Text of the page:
Peter Mountford's A Young Man's Guide To Late Capitalism is an enjoyable look at a very serious subject: capitalism as practiced today and its effects on people. Most of the enjoyment from this examination is generated by Mountford's superb writing style. To put it simply, it's been a long time since I've read a new author put together pithy lines like those that Mountford inserts into his text (my favorite: "It [a qualitative analyst] was one of the few jobs for which a dash of autism was considered a plus."). But, Mountford's writing strengths aren't just limited to one-liners. He displays a sure-hand with dialogue, develops his characters with depth and believability, and portrays the Bolivian setting in such a manner that a reader gets a vivid picture of the location. When these strengths are taken together, the reader finds that Mountford chillingly and convincingly conveys the "who cares about people/it's just business backed by high-level mathematics" attitude that dominates capitalist transactions today.
Despite all its charms, Mountford makes a couple of "rookie" mistakes that weaken the story. The most obvious mistake is one that most first-time authors make: the need to cram every personal interest into a book. In this case, Mountford inserts long passages about game theory and Bolivian history in between plot devices. While those topics are interesting, he spends too much time discoursing on both subjects, thus breaking the underlying story's flow. Mountford also overuses the symbolism within the story's context. The best example of his over-application of symbols is his use of "angel/devil" characters to personify the choices that the story's main character (Gabriel) faces. Mountford is not content to have one set of "angel/devil" characters (the press secretary for Bolivia's president and a reporter for the Wall Street Journal), he drives the point home by adding a second set (Gabriel's mother and Gabriel's boss back in the United States). While having the second set of "angel/devil" characters communicate with Gabriel primarily by phone was a nice twist, the moral dilemmas with which Gabriel deals are more than adequately personified by the first set of "angel/devil" characters, thereby rendering the second set redundant.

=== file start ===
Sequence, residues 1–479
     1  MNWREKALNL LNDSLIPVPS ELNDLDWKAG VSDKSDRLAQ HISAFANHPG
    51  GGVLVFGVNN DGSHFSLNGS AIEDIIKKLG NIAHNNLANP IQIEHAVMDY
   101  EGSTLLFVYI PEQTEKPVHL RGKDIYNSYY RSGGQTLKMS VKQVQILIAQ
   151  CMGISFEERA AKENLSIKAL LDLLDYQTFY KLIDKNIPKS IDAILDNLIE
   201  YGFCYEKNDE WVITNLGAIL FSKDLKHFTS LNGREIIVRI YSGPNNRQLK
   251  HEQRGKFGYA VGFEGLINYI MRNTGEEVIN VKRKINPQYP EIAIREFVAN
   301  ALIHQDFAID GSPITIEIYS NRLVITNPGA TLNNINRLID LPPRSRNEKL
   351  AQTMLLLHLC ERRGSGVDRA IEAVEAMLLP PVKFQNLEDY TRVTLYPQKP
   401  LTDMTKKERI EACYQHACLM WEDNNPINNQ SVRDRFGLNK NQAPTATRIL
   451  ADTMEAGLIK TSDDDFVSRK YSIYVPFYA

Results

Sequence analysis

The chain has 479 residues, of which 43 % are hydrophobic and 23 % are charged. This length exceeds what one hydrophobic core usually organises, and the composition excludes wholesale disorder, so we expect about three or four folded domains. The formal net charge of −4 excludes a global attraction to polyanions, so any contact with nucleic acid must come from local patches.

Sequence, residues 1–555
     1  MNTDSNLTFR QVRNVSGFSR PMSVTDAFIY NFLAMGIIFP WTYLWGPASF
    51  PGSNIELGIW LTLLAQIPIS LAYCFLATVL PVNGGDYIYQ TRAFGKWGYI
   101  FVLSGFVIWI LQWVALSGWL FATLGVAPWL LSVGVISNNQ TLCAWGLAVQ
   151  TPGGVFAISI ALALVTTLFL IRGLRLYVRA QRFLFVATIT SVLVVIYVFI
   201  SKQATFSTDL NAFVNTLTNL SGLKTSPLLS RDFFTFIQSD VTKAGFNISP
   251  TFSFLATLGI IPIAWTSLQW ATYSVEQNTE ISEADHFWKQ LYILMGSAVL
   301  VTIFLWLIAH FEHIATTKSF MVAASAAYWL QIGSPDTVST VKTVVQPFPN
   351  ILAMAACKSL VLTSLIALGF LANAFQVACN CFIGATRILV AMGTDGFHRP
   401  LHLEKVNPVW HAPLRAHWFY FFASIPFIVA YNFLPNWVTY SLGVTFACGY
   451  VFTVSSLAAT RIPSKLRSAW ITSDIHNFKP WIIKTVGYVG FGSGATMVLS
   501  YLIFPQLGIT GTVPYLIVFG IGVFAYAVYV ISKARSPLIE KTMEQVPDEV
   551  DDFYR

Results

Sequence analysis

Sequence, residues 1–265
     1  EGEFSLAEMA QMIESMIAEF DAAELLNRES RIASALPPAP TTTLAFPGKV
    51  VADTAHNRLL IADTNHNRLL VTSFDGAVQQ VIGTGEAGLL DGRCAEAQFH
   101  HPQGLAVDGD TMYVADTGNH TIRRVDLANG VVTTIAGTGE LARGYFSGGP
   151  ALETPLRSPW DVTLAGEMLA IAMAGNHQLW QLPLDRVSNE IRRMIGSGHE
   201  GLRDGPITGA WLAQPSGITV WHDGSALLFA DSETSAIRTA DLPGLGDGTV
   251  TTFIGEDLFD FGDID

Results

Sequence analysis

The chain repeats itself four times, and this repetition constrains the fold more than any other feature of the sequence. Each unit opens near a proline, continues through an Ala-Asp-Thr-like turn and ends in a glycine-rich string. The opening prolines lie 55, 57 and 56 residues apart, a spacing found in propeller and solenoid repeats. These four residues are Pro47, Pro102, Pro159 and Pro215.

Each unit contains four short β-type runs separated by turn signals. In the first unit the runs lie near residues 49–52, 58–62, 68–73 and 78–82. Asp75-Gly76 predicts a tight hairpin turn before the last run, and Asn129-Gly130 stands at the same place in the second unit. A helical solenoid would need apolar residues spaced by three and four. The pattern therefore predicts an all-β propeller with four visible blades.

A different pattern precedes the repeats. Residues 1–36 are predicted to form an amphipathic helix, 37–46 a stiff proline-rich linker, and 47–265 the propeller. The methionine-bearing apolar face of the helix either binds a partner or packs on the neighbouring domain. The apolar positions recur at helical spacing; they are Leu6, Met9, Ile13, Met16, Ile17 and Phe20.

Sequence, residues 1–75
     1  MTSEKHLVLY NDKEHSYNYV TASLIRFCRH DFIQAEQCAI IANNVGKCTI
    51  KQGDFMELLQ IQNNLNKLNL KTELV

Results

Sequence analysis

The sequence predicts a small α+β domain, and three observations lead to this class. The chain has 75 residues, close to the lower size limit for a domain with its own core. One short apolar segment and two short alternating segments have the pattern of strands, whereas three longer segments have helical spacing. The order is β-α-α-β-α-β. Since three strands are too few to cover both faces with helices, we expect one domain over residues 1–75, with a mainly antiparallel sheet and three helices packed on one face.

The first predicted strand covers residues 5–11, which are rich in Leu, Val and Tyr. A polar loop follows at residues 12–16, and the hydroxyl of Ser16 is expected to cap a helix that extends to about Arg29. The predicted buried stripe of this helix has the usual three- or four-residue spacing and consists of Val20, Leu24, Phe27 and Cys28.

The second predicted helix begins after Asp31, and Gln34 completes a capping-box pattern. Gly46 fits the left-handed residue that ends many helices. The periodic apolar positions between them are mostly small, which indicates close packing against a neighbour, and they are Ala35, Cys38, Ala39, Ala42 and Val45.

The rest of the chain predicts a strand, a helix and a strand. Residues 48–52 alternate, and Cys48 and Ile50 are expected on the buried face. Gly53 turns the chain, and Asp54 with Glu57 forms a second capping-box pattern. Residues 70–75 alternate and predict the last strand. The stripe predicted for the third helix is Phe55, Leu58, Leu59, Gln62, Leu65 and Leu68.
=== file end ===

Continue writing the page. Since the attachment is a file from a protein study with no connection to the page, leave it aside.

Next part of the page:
A Young Man's Guide To Late Capitalism isn't a great book. But, it is a very good book that examines a topical subject in an entertaining manner. Best of all, Mountford displays skills that make it evident he is capable of writing a great book in the future. Thus, if for no other reason than to become familiar with an author who possesses a tremendous amount of promise, readers should give A Young Man's Guide To Late Capitalism a try.